Looking ahead to 2023 and what it will bring to the housing market, two of Utah’s leading housing experts are respectfully disagreeing with each other.
While they both agree the market is in the midst of a price correction after two years of runaway demand amid the pandemic housing frenzy, they have differing outlooks for just how deep that price correction will run next year.
The researchers — Jim Wood and Dejan Eskic, both from the University of Utah’s Kem C. Gardner Institute — had a friendly debate Friday during Ivory Homes’ annual private gathering of hundreds of homebuilders and other industry partners from across the state. The discussion between Eskic and Wood was moderated by Clark Ivory, CEO of Ivory Homes, which is Utah’s largest homebuilder.
The slate of speakers all sought to help bring clarity to a market that they said has largely been fraught with “volatility” and “uncertainty” as mortgage rates, some days hovering around 7%, have squeezed buyers and have brought a rapid end to what had been over two years of a blazing hot market.
Housing market predictions 2023
Neither Wood nor Eskic are predicting a catastrophic, 2007-like crash that sent the global economy tumbling into the Great Recession. They’re both confident Utah’s job market is strong enough to avoid sweeping foreclosures and that housing demand will continue due to the state’s rapid growth and pervasive home shortage.
However, they expect the market to enter a correction that will persist into 2023 thanks to the Federal Reserve’s aggressive rate hikes to combat inflation. They say it will pose challenges, especially for homebuilders, but also rebalance a market that’s priced some two-thirds of Utahns out of affording the median priced home.
The question is, how far will that correction run and what will it mean for home prices in 2023? That’s where it gets tough.
“I call it the ‘great debate,’” Ivory said.
How much will Utah home prices drop?
Eskic has a more bearish outlook. He’s predicting Utah home prices will drop 9% year over year in 2023. From peak-to-trough, with the peak being May 2022, he expects prices to decline by a percentage somewhere in the mid to low teens, depending on what happens with interest rates over coming months.
So far, Utah home prices are still up year over year, but they’ve so far fallen over 9% from their peak in May, according to Eskic.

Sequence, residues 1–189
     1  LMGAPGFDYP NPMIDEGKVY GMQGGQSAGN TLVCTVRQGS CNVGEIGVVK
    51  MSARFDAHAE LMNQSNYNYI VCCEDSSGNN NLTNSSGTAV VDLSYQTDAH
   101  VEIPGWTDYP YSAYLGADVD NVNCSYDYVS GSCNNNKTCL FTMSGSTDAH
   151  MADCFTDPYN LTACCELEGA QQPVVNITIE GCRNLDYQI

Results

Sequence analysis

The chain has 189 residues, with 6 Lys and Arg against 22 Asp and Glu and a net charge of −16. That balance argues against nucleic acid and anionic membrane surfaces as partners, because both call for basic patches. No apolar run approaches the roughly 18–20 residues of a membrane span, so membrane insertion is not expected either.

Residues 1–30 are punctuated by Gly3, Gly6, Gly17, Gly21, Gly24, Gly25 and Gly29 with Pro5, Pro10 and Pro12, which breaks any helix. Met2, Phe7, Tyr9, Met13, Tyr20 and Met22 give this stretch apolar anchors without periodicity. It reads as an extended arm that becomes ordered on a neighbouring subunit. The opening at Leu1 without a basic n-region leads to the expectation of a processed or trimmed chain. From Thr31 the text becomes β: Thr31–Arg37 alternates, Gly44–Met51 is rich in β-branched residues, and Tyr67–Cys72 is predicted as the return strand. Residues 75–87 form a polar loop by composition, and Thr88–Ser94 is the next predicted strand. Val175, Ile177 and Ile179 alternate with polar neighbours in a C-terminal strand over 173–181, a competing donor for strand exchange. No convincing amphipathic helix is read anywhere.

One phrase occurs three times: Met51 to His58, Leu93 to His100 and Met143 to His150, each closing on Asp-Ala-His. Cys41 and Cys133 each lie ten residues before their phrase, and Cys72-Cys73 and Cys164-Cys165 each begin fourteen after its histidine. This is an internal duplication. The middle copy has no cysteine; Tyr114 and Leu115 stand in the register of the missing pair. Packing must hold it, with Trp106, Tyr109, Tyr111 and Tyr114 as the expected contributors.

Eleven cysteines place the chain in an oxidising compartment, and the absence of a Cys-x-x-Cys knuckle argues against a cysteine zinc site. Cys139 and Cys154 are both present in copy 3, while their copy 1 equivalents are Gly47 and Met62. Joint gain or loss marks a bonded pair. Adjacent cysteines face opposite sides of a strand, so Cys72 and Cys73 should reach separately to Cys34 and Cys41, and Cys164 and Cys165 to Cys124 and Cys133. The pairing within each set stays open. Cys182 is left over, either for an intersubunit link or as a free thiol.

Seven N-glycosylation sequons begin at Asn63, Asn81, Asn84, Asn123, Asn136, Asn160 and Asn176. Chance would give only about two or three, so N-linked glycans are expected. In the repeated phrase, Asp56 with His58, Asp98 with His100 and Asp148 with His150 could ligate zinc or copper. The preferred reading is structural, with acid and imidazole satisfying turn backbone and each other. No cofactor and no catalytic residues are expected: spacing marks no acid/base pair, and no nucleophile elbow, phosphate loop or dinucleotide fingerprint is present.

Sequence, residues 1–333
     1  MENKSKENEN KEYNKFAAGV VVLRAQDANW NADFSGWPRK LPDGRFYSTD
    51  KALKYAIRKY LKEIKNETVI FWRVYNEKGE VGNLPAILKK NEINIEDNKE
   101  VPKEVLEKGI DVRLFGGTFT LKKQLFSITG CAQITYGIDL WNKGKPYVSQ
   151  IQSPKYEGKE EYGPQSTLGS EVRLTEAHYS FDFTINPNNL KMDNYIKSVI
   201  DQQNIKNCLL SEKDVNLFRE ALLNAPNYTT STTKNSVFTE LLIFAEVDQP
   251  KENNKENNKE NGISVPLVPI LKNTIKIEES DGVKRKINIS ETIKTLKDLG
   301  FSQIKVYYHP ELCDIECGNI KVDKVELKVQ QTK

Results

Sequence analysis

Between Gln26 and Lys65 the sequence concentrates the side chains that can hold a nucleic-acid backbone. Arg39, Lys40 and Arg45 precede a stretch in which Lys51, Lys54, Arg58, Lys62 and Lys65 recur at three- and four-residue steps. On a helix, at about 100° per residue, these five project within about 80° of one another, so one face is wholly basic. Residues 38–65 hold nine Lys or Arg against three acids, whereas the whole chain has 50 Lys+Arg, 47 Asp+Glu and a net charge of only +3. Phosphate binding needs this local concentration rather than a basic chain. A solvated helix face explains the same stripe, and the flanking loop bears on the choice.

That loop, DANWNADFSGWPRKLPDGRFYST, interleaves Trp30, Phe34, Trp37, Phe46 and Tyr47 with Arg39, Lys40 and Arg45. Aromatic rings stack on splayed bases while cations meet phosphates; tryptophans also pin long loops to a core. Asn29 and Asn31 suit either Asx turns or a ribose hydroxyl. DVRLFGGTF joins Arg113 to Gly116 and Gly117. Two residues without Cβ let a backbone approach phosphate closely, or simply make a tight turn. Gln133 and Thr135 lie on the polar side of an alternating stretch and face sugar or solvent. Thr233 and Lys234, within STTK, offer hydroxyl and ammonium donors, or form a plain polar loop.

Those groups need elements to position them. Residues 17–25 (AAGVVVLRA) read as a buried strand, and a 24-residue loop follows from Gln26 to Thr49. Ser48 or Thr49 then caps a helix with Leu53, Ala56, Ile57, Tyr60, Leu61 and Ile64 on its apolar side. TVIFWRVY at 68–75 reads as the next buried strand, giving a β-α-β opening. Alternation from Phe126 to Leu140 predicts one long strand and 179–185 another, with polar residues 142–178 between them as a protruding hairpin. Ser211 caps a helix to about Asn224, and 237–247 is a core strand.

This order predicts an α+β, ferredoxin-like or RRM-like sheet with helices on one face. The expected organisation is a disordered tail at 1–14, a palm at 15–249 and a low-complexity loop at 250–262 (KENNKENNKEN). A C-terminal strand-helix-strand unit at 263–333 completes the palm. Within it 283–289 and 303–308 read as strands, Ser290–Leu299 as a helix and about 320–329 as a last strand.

“When we look at just how much we’ve peaked earlier this year, I think we’ll start seeing negative year-over-year readings late winter, early spring,” Eskic said.
Wood said he was a “little bit more optimistic,” predicting minor blips that will stabilize into the green after only a few quarters.
“I think buyers will adjust, for one thing,” Wood said, pointing to a chart that he said showed “it’s very rare in Utah for housing prices to decline.”
“We always have deceleration in the rate of increases as the cycle plays itself out. But having price declines is really unusual,” Wood said. He noted in the early 1980s there “were a few (quarterly) periods where prices actually declined” before hitting a positive trajectory soon after.
However, during the Great Recession, prices declined for years before accelerating again. That was also a time when the national economy and Utah faced a struggling job market, Wood noted.
“Now, we still have a very strong job market, and we expect the growth rate is going to come down a little bit in 2023 in jobs, but I still think it’s going to be a strong market,” Wood said. “So unless we have a real serious recession, I think prices have some support given our economy.”
Wood also said even if home prices dropped 10%, they “wouldn’t set off a wave of foreclosures,” unlike what happened in 2008, “which just pulled prices down. We don’t have that.”
Therefore, Wood is predicting “a couple of quarters” in 2023, with home prices likely the “most vulnerable” in the first and second quarter of the year.
“But by the end of the year, we’ll stabilize and we’ll be flat,” Wood said.
‘The great debate’
While Eskic said he agrees with Wood about Utah’s strong job market, “but we’re operating in a different environment because of the rates and prices.”
Eskic said it all comes down to affordability.
“We go back to the ’70s, for example,” Eskic said. “If you divided your housing price by your annual income, it was 2.6. Right now, it’s close to 5. So from that affordability perspective, I think it’s going to keep the market from accelerating back to have a more positive price appreciation.”
Wood said “that’s a good point,” but added the ’70s and early ’80s saw interest rates that hit as high as 18%. “Look at housing prices, they were sticky. They didn’t go down.”
But housing costs weren’t nearly as high back then, Eskic interjected.
“Yeah, that’s a valid point,” Wood replied, drawing laughs from the crowd. “But, we had a recession then, Dejan, we had a recession. I don’t think we’re going to get a recession now, in Utah.”
Eskic, smiling, said he and Wood should make a bet on stage. “A year from now ... whoever’s right has to shave their beard off.”
Both bearded men chuckled, along with laughs and applause from the audience.